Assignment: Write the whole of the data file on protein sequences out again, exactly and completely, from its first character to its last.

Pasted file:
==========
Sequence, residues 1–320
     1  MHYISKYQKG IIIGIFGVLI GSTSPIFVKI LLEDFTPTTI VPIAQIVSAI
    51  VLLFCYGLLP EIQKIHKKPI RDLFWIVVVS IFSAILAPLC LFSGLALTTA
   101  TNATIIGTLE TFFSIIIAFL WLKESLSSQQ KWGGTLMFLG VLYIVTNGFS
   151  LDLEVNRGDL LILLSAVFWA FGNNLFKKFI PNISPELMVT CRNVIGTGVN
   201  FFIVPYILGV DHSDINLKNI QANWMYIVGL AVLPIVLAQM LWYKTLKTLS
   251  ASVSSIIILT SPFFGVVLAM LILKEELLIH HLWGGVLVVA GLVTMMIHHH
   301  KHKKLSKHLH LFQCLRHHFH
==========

Sequence, residues 1–320
     1  MHYISKYQKG IIIGIFGVLI GSTSPIFVKI LLEDFTPTTI VPIAQIVSAI
    51  VLLFCYGLLP EIQKIHKKPI RDLFWIVVVS IFSAILAPLC LFSGLALTTA
   101  TNATIIGTLE TFFSIIIAFL WLKESLSSQQ KWGGTLMFLG VLYIVTNGFS
   151  LDLEVNRGDL LILLSAVFWA FGNNLFKKFI PNISPELMVT CRNVIGTGVN
   201  FFIVPYILGV DHSDINLKNI QANWMYIVGL AVLPIVLAQM LWYKTLKTLS
   251  ASVSSIIILT SPFFGVVLAM LILKEELLIH HLWGGVLVVA GLVTMMIHHH
   301  KHKKLSKHLH LFQCLRHHFH